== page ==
Posted by: Jeff Timmins | May 6, 2014

Should RM perform PM tasks?

Should a Release Manager perform Project Manager tasks in addition to their normal tasks?

Since I’ve taken the title of Release Manager in 2007, my role seems continually connected to the role of a Project Manager.

At parties I’d hear – “What do you do again?” from non-technical people with a blank look to which I reply “It’s like a Project Manager.” When applying for a job I’d get the question – “What would you say are the differences between an RM and a PM?” When reviewing lessons learned from a previous Release I’d hear – “Things were missed because no one was managing the overall calendar” and I reply “where is the PM for this project?” but they just look at me (the only RM in the room) as their PM solution.

I agree there are similarities to the RM & PM roles and I think a good Release Manager needs a few PM tools in their belt. I also believe that an experienced Project Manager can add value to a company that produces Software – especially if multiple teams contribute to a Release.

This leads me to the question “should a Release Manager perform Project Manager tasks when they already have a lot of other tasks to accomplish?

  • The easy answer is “No” – focus on what you need to do in order to complete your assigned tasks to protect your yearly review.
  • The hard answer is “Yes when it makes sense.” Saying it another way, “Yes” when it is required to reduce the Risk for one of the applications/solutions you support.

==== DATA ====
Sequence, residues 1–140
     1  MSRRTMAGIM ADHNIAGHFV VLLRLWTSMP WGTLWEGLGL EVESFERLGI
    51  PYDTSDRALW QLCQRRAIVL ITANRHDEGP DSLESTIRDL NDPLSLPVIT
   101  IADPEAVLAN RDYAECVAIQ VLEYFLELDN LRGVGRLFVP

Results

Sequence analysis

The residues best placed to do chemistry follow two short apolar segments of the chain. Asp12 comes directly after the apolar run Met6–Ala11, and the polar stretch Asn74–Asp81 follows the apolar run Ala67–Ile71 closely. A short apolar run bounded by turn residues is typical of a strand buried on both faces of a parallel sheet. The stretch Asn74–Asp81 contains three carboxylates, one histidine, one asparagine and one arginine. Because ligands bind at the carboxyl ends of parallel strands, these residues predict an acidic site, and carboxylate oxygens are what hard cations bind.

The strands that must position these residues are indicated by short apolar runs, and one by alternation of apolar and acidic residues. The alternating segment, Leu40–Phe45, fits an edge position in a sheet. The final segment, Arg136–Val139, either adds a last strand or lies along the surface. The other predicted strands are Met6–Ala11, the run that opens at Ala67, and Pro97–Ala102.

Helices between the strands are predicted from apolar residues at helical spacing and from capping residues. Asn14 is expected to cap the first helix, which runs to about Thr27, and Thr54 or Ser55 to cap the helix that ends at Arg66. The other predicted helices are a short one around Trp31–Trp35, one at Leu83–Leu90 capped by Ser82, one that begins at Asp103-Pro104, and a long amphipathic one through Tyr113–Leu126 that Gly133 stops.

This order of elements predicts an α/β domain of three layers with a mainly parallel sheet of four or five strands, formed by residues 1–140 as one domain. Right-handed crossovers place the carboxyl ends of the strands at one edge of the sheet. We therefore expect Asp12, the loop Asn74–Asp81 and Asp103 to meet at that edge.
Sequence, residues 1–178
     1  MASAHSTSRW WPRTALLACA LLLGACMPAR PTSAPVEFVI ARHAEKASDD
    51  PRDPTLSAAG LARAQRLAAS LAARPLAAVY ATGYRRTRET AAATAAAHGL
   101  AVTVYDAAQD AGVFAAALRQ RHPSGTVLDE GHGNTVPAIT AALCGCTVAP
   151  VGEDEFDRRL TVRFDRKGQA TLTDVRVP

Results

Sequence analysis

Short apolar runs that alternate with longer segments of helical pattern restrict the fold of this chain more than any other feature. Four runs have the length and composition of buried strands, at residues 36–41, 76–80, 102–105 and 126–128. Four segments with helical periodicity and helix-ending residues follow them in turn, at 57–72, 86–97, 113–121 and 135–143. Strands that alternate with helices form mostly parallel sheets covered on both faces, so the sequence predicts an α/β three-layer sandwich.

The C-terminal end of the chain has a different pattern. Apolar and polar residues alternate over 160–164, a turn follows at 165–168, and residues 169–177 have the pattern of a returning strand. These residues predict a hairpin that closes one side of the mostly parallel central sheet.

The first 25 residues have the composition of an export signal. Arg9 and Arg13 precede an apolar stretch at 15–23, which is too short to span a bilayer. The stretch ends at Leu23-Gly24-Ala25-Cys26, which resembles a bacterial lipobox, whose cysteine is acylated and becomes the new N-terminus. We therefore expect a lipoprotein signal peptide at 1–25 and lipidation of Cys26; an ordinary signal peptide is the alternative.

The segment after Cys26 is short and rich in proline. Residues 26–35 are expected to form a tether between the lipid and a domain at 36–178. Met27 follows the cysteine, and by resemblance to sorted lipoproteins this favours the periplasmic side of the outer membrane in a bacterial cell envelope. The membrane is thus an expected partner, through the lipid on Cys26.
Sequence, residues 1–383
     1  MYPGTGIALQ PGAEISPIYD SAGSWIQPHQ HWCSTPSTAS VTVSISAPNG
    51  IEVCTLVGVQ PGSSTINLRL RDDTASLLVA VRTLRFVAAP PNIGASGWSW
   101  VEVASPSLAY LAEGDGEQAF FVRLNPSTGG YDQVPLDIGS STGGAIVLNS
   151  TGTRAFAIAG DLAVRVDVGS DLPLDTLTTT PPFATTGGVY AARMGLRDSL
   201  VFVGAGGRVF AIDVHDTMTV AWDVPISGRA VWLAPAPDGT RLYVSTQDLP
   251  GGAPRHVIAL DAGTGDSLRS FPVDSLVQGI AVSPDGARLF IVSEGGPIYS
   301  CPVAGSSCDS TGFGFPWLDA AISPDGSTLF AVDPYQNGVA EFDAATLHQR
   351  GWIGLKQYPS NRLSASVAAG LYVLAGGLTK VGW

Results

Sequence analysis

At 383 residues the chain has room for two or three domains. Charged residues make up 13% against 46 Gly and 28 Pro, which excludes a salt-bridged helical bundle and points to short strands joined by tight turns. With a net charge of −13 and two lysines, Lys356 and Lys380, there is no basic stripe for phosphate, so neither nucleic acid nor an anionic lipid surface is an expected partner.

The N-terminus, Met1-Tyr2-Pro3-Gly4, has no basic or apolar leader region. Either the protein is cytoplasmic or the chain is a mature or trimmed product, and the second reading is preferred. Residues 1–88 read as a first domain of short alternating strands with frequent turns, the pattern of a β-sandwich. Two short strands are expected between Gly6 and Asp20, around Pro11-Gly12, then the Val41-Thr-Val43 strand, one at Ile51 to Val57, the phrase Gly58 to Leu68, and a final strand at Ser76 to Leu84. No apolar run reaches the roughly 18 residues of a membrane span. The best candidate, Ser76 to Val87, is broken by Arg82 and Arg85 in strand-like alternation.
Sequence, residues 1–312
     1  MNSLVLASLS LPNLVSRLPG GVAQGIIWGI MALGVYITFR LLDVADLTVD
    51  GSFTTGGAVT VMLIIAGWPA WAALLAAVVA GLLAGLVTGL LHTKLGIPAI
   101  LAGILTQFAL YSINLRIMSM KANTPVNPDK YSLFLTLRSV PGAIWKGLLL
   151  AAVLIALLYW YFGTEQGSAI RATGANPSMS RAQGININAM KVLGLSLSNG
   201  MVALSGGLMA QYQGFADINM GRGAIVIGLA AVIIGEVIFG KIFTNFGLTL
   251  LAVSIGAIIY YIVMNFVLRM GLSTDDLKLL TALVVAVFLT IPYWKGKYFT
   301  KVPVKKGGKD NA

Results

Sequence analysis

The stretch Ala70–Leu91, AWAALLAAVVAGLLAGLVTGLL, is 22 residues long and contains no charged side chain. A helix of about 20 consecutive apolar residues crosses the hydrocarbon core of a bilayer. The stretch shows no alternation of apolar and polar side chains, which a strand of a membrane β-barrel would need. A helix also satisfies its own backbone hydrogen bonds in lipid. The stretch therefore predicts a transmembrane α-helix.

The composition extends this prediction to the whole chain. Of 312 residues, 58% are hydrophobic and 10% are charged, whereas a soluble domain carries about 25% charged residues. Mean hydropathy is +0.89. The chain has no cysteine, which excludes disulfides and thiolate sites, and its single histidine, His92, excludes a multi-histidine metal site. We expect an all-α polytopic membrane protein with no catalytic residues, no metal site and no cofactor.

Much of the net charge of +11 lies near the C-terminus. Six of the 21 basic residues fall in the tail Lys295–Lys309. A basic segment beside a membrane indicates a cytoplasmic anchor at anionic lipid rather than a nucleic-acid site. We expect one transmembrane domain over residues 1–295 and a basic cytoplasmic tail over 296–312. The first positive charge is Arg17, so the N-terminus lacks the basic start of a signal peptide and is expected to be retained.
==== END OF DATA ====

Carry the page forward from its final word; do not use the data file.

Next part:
I remember a simpleSAMLphp update to be applied to Servers supporting multiple solutions and all of those solutions having different Release cycles. The plan provided by the people running technically projects was to deploy the update to all the QA Servers in the company, then deploy to all the Staging Servers, then to all the Pre-Prod Servers and finally to all the Production Servers. My reaction was “Hold on, this doesn’t look right” and I proceeded to tell them I wanted to stagger the updates to align with the individual solution’s Release cycle. Fortunately they wanted me to schedule the updates so I got my way. I took it upon myself to create a schedule (taking the role of a Technical PM) that aligned the simpleSAMLphp update to already scheduled code updates. This allowed the QA team to verify one solution at a time in progression of environments before the change went to Production. The previous plan would have added the simpleSAMLphp update to an environment in the middle of code testing. This could have caused a scenario where code was being verified in Staging with the update but it would be deployed to Production without the simpleSAMLphp change included. This leads to invalid testing results and possible confusion when code works in one environment but fails in another.

Because I was able to act as a Project Manager for this update it took longer to get the change to Production but it was done with minimal Risk instead of high Risk. Sadly I received a lot of negative comments (mostly behind my back) because of this plan because I acted “out of turn” for what a Release Manager was suppose to do. Even worse, my manager didn’t see the benefit of what I had done so he agreed with the negative comments.

Would I do it again – oh yes, I would repeat those actions again and again if it was the only way to reduce Risk for the solutions under my care. That is a big part of my job – reducing the Risk of change!

How about you?

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